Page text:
THERE will be no extra bus services for children left without a privilege bus seat for the upcoming academic year.

More than 100 children have been left without a bus seat and placed on a waiting list across seven different bus services.

These children are not eligible for free transport as they attend a school outside their catchment area.

Louise Coombs, from Brighstone, has struggled to get her two children a seat on a privilege bus.

She said she looked at different options however, a public bus would not get the children to school before 9.30am.

She said a car share would not work and hiring a minibus would cost each parent £7 a day.

Mrs Coombs has since secured a seat for both children on a bus.

However, she said: “There are more parents out there who still don’t have transport to school.”

Cabinet member for children’s services, Paul Brading, said: “When parents make their choice to send their child to another school it’s their responsibility to make sure they can get their child there.

“We are fortunate that we have these services available — not all areas have privilege bus seats.”

Mrs Coombs said under the Home Office guidelines she had a right to a bus service.

The guidelines for local authorities states: “The Secretary of State continues to attach importance to the opportunity that many parents have to choose a school or college in accordance with their religious or philosophical beliefs, and believes that wherever possible, local authorities should ensure that transport arrangements support the religious or philosophical preference parents express.”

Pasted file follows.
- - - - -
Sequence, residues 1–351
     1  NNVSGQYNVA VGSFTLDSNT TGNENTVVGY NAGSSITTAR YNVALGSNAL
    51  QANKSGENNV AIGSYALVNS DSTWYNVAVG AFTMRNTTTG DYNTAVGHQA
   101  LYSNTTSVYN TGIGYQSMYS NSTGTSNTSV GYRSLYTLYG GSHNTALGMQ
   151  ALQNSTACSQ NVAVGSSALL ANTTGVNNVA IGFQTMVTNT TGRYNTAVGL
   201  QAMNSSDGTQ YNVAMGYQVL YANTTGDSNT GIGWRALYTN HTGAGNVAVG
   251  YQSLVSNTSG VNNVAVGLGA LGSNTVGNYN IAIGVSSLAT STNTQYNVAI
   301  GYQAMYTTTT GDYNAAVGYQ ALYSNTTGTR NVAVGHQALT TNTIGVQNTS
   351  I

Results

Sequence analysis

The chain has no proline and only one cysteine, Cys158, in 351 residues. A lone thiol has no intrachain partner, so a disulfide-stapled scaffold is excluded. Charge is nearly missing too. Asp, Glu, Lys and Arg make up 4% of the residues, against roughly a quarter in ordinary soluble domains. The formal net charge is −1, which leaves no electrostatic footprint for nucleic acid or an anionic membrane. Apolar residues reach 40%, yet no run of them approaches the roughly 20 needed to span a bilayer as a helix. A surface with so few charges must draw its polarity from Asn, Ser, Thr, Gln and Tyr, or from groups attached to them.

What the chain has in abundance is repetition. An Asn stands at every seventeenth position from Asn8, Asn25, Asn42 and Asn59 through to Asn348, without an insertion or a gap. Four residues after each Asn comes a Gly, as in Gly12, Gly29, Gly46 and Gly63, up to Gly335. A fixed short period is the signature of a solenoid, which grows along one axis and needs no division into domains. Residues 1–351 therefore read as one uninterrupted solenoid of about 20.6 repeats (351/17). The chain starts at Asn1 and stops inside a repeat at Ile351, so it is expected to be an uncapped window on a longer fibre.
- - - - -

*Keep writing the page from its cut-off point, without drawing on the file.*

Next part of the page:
Mrs Coombs said: “It is our right to a bus as it’s our belief to go to a smaller school for our children.”

Parliamentary candidate for the Isle of Wight Greens, Vix Lowthion, said the lack of seats would result in an extra 78,000 car journeys on the Isle of Wight each year.

She said: “Public transport is a public good. We must support school transport which adequately meets the needs of our young people – and gets cars off the road.

“The council talks of being cost effective, but parents taking time off work or paying for additional child care is not a cost effective way to get a child to school.”

Responding to the claims, Cllr Brading said: “I am all for keeping cars off the road and our bus contract does help to do that.

“If we did not have the contract we would have more cars on the road — you could look at it the other way around.

“We do our best by making spare seats on the buses are available to parents.”